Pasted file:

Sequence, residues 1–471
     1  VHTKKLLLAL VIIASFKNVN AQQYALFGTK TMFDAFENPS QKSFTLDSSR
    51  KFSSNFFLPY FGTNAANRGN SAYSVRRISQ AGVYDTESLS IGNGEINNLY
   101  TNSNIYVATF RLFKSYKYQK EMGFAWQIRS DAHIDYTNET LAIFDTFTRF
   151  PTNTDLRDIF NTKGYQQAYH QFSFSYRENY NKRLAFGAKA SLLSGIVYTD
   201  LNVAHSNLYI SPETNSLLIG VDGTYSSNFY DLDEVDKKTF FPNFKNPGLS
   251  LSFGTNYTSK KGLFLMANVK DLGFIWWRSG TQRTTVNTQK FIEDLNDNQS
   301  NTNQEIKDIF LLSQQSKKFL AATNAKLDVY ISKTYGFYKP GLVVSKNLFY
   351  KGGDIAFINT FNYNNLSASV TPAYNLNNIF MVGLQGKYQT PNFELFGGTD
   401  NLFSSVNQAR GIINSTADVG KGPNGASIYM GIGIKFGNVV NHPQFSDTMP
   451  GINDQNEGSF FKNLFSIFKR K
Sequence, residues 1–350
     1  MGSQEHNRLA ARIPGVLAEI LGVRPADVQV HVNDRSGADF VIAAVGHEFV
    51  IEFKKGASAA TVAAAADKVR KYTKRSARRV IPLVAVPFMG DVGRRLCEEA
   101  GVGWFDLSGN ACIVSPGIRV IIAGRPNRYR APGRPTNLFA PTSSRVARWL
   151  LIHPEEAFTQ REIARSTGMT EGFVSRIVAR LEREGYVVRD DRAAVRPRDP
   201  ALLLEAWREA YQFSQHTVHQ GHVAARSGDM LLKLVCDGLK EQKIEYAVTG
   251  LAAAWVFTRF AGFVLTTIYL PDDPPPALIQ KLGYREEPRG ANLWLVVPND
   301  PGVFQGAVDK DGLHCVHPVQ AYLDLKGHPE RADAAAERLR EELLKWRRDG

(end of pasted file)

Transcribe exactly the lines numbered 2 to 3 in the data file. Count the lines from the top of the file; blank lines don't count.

     1  VHTKKLLLAL VIIASFKNVN AQQYALFGTK TMFDAFENPS QKSFTLDSSR
    51  KFSSNFFLPY FGTNAANRGN SAYSVRRISQ AGVYDTESLS IGNGEINNLY